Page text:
“They are all top students at their high schools, but most of their schools aren’t used to having students apply to Ivy League schools,” he said. “The idea is to get them to these elite schools, have them join the school newspaper, take journalism classes and eventually go on to work at top publications.”
During the last days of the program, the students worked on deadline preparing a special edition newspaper, The Princeton Summer Journal, for publication. But they also took breaks to learn about the college application process and meet with college recruiters.
“It made a difference for me getting into college,” said Jeannie Regidor, a 2015 SJP alumna who attends Harvard University. “The college counseling these kids get is great.”
Over the years, 21 SJP graduates have attended Princeton. Dozens of others have gone on to Ivy League and other elite institutions including Harvard, Yale University, the University of Pennsylvania, Cornell University, Barnard College and the Massachusetts Institute of Technology.
Those who have chosen to pursue journalism careers after graduation form a growing network, landing in newsrooms at NPR, CNBC, Newsweek, MLB.com and Mother Jones, Just said.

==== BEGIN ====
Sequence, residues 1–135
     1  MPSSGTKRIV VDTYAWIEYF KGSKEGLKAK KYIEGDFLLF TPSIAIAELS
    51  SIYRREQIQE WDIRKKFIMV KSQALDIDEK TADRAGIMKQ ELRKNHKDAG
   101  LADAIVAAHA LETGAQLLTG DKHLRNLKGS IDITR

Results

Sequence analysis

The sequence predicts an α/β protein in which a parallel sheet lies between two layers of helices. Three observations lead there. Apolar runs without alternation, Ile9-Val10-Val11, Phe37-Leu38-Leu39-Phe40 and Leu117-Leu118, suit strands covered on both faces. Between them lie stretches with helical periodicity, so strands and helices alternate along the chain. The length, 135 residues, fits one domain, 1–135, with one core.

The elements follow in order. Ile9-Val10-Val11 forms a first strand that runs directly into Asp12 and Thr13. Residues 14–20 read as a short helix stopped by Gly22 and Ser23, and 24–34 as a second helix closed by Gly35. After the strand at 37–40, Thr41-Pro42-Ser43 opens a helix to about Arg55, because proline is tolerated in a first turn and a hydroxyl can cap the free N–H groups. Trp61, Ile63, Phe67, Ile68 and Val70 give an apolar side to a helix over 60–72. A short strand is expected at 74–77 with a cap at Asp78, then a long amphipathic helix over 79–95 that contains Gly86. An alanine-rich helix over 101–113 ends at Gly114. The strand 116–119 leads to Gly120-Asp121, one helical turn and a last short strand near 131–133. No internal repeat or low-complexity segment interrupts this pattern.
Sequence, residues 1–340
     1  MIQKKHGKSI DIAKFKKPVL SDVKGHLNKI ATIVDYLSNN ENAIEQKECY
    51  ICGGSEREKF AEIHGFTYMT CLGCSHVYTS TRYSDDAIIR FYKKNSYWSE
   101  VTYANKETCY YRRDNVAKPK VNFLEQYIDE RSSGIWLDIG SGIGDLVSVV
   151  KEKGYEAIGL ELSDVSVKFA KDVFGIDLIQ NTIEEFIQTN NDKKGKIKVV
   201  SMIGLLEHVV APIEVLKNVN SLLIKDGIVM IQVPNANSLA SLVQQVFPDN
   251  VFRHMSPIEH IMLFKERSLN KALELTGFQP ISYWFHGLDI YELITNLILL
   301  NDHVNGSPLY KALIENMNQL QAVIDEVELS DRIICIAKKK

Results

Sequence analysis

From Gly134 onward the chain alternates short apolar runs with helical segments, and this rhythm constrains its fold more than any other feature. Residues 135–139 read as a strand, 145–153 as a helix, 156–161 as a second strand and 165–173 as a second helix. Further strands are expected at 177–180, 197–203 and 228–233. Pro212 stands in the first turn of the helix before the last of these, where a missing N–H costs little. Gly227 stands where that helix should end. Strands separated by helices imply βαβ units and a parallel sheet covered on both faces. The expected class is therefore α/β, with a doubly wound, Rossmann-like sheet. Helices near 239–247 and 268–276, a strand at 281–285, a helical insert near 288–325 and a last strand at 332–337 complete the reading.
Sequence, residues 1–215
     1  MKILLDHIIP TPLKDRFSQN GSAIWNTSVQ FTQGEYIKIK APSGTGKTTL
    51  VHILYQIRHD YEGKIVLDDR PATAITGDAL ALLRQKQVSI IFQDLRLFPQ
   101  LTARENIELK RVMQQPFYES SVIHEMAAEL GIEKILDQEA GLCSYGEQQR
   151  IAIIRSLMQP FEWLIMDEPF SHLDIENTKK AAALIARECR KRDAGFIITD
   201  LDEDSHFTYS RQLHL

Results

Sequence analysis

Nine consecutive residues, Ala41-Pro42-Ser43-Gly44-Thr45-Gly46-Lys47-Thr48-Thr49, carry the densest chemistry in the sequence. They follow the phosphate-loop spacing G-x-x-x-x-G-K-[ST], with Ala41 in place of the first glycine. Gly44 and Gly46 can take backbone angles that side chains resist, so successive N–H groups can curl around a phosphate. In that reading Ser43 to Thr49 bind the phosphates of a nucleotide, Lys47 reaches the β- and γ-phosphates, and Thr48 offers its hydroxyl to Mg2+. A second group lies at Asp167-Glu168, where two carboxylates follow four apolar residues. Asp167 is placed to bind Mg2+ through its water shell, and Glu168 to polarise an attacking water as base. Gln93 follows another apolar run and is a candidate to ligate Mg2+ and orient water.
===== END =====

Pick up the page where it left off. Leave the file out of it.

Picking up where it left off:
Some former participants return to SJP, acting as counselors for the program. Regidor attended this year along with seven other SJP alumni.
Earlier this year, Princeton University hired a program associate, Tieisha Tift, to work on both SJP and another summer program, the Princeton University Preparatory Program (PUPP). SJP receives additional program assistance from two undergraduate interns from Princeton Internships in Civic Service (PICS).
“Working with younger students who were in similar positions that I once was, I was reminded of the amazing support that I received from SJP,” said Franklin Sooho Lee, a 2010 participant, who also returned as a 2018 counselor.
Lee earned a B.A. at Harvard and an M.A. at Georgetown University and last year published a book, “The Art of Napping: The Sleeping Samurai and the Dormant Dragon,” which addresses the growing problem of sleep deprivation in major cities throughout the world. He works as a paralegal for Lutheran Social Services of New York.
“The plethora of workshops and speakers — booked not only throughout the long, summer day but also for breakfast, lunch and dinner — equipped me with incredible knowledge and skills to better navigate college and the broader world,” he said.
Spending time on Princeton’s campus and seeing how other low-income and first-generation college students like Regidor and Lee have succeeded has helped this year’s cohort of students envision themselves in a similar place a few years down the road.
Prettystar Lopez of the Bronx, New York, said although she excels academically at her high school, attending a school like Princeton didn’t seem attainable for her. “Now that I’m here, the dream of coming to an Ivy league school doesn’t seem so far away,” she said. “I’m getting comfortable here.”